In order to resolve something, you need to understand it. You see this in everyday life, but also when it comes to your fears. In therapy you’ll work to sort out the history of your fears and create a narrative that will help you make sense of it. You’ll also examine the foundations on which the problem was built, although some of them may be more complicated than others.
Here we want to help you understand what happens inside you when these fears emerge. For each person there will be a different origin and a different way of understanding how those fears were created. It’s important to dig into your own history: how could your fears have developed? Let’s look at some possibilities:
Learning from Others
In psychology, “vicarious learning” means that you learn and acquire behaviours or new ways of reacting based on what you see in other people. How does this apply to the fear of flying? If as a child you saw how people close to you (parents, uncles, grandparents, etc.) were very nervous and anxious when thinking about taking a flight, you could have interpreted that flying is something dangerous. So although for you a flight seemed like something fun you could have eventually come to interpret it as something risky, so you gradually started generating strategies that “get you to safety.” But instead of helping, they simply put limits on your life.
Traumatic Past Experiences
Having experienced traumatic, complicated, or embarrassing moments puts your brain into survival mode. Therefore if in the past you had an upsetting experience on a plane, your brain is activated and tries to move you away from the situation that it interpreted as dangerous. Even if it’s a survival strategy, it’s important to try to question what happens, as your brain tends to overestimate traumatic memories; especially since planes are one of the safest methods of transportation.
Trying to Give Meaning to Things You Don’t Understand
We talked about the brain being very wise, and it deploys interesting strategies to help you survive. For their peace of mind, humans need explanations for things. Therefore when there’s something that you don’t understand (such as turbulence or a strange sound during the flight) your mind create explanations that you end up believing and that generate alerts in your survival system. What can you do if the first thing you think of is that something bad is going to happen? Accept that it’s a little part of you that tries to get you to safety, but understand it as something “external” that’s not always correct.
Emotions Affect You when You Remember
Have you ever heard that learning is much easier when emotions are generated at the same time? Well, something similar happens with flying because your emotions carry a lot of weight and leave a lasting impression. So if at some point you had an upsetting experience on a flight and you felt fear, it’s much more likely that in your memory you’ll connect flying with that emotion.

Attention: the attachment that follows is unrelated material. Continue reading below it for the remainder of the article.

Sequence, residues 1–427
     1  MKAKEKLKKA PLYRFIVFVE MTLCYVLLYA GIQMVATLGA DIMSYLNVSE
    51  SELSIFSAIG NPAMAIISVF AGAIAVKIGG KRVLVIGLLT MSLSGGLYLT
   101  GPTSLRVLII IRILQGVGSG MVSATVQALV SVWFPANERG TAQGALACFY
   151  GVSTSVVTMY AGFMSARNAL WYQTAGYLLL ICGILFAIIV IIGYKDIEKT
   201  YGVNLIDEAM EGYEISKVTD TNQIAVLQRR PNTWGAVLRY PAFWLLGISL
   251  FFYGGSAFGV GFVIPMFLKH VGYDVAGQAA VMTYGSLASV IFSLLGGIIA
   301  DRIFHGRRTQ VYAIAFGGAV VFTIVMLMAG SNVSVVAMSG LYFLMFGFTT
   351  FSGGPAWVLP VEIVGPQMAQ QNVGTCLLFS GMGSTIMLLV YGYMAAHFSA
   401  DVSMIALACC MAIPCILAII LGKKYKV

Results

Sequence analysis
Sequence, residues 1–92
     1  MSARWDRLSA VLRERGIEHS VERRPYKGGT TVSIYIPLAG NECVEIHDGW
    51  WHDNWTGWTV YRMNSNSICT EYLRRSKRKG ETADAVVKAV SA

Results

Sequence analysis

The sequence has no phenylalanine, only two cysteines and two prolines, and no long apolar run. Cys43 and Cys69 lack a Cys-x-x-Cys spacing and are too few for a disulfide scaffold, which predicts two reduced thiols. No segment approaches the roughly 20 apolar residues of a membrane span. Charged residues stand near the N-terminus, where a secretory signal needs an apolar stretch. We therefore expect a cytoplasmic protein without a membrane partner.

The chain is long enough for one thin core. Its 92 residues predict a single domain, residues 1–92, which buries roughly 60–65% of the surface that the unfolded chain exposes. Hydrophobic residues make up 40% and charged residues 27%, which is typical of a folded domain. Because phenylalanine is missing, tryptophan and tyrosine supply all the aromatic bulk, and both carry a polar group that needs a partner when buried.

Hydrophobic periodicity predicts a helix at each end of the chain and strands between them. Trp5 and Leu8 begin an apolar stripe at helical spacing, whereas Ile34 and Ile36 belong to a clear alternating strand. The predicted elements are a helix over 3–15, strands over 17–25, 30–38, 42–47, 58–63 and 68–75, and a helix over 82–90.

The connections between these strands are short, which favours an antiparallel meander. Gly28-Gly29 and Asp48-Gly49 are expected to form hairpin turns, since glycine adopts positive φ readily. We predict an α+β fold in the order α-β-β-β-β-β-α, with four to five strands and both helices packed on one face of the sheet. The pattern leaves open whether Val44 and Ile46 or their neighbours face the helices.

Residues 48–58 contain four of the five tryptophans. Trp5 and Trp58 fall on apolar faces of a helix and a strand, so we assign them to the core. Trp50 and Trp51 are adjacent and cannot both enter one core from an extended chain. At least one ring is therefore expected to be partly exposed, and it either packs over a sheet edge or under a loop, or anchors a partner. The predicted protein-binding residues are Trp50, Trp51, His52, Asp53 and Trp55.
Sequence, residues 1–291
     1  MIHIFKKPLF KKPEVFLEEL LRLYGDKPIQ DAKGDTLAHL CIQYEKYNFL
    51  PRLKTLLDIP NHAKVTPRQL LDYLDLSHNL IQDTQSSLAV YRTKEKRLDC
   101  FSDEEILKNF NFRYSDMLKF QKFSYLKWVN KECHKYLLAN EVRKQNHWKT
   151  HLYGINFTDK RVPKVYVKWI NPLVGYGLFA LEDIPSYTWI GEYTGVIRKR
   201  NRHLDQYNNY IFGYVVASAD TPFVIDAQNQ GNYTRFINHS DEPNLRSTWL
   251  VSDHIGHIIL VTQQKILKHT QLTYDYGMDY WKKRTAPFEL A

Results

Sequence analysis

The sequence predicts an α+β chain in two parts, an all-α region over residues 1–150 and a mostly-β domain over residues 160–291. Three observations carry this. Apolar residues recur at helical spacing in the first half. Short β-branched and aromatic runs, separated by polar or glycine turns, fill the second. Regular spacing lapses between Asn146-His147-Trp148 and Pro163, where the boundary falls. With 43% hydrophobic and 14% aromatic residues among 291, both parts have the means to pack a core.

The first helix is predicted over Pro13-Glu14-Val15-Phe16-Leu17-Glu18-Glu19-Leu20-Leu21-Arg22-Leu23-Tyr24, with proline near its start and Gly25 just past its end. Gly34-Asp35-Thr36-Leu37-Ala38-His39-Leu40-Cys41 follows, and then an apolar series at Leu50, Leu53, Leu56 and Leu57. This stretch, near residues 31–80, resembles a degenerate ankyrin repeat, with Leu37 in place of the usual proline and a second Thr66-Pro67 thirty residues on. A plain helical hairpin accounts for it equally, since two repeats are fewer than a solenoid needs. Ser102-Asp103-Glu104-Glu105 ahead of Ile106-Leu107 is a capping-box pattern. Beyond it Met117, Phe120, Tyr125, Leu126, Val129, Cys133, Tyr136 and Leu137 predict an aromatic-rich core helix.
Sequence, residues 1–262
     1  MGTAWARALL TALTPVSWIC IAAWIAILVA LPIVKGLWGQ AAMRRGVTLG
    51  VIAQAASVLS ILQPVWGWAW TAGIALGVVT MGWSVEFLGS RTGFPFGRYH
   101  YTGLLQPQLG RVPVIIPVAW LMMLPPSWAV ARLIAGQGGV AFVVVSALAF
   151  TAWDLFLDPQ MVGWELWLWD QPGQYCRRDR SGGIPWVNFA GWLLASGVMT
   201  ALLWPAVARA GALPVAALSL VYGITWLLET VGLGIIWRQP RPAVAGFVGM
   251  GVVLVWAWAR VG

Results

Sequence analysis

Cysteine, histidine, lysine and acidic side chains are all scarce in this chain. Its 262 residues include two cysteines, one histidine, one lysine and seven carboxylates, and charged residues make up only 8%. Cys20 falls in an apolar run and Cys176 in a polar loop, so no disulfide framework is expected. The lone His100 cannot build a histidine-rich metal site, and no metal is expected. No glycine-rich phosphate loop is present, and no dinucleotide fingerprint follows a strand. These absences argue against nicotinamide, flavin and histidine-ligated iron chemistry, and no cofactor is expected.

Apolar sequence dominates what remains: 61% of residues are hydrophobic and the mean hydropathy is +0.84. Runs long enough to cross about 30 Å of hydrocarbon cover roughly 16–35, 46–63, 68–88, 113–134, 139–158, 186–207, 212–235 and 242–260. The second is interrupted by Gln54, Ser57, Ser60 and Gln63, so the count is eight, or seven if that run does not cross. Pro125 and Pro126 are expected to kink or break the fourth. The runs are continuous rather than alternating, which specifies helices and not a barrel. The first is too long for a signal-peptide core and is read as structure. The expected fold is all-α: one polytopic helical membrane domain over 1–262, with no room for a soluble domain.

You’re Not ‘Designed’ to Fly
It’s true that human beings are not born to fly. And your senses sharpen and you may feel out of control when there are things outside of your routine, and flying is something that’s outside the biological norms of your brain. So if you’re prone to aerophobia, your senses may go into overdrive when there’s something that’s not going as it should or as you’re accustomed to. Therefore if your senses notice that something is different and that you have “lost control,” they will activate your survival mechanisms and this will lead you to think of ways to get yourself to safety. Humans need the feeling of security, and even if you don’t experience it physically, your mind will try to get you to safety mentally.
There are many phobias which are related to each other. For example, aerophobia coexists with claustrophobia in many patients who come to our clinic, and sometimes one can even lead to the other. If you have anxiety about being in enclosed spaces and there are delays during a flight (which aren’t dangerous but only extend the journey a little longer) and you’re forced to stay on the plane for longer than you expected, you might feel anxious. You may then interpret that planes are not a safe place. But this is just an interpretation or a thought, and not everything you think is real.
Now more than ever in the past, we’re constantly flooded with information – and misinformation. So if you are an anxious flyer, some news or other content online or in the media may lead you to overdramatise and prioritise it. Thus if you read about an accident or see it on TV or online, you might jump to the conclusion that this kind of thing is common, although the statistical data tells us this is completely untrue.
Do you recognise any of these as part of your own mindset?
by guest blogger Psicoline